Tags: Circadian rhythm, Disease clock, Sleep disorder
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10 a.m. heart attacks? It’s no coincidence. Our internal body clocks are governed by circadian rhythms, where over a period of roughly 24 hours, our bodies generate physiological processes to determine periods of sleeping, eating, and much more.
Diurnal mammals experience clear patterns of brain wave activity, hormone production, and cell regeneration based on sunlight and temperature. This activity occurs in the hypothalamus, located just above the cross point of the optical nerves in the brain.
Whether you’re a “lark” or a “night owl,” your circadian rhythms have been genetically set since birth. They may vary slightly over the span of a lifetime, but we cannot change our chronotype. This makes working the night-shift very difficult for larks, and explains the real causes of jet lag. Melatonin, the hormone produced after darkness, causes drowsiness. When sunlight hits our eyelids in the morning, light-induced signals travel through the brain to turn off melatonin production.
Because [shift workers’] work schedules are at odds with powerful sleep-regulating cues like sunlight, they often become uncontrollably drowsy during work, and they may suffer insomnia or other problems when they try to sleep. Shift workers have an increased risk of heart problems, digestive disturbances, and emotional and mental problems, all of which may be related to their sleeping problems. The number and severity of workplace accidents also tend to increase during the night shift. Major industrial accidents attributed partly to errors made by fatigued night-shift workers include the Exxon Valdez oil spill and the Three Mile Island and Chernobyl nuclear power plant accidents. One study also found that medical interns working on the night shift are twice as likely as others to misinterpret hospital test records, which could endanger their patients. It may be possible to reduce shift-related fatigue by using bright lights in the workplace, minimizing shift changes, and taking scheduled naps. -NIH, National Institute of Neurological Disorders and Stroke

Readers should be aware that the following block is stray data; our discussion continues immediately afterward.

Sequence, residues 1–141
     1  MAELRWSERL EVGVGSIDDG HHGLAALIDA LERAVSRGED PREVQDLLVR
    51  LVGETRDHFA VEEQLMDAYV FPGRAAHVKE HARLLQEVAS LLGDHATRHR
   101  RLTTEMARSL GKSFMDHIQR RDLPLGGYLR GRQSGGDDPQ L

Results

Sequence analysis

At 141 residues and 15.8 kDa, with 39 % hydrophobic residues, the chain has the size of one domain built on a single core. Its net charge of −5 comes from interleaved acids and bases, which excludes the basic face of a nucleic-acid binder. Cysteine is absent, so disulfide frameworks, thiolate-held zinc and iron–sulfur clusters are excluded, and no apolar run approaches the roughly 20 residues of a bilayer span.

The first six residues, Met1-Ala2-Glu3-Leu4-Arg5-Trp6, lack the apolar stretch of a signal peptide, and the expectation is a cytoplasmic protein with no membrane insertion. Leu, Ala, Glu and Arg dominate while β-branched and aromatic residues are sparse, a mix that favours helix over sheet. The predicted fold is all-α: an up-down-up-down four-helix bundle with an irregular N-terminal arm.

People who suffer from sleep disorders attempt to offset their body clocks by light therapy or increasing melatonin in the form of drug therapy, with some temporary success.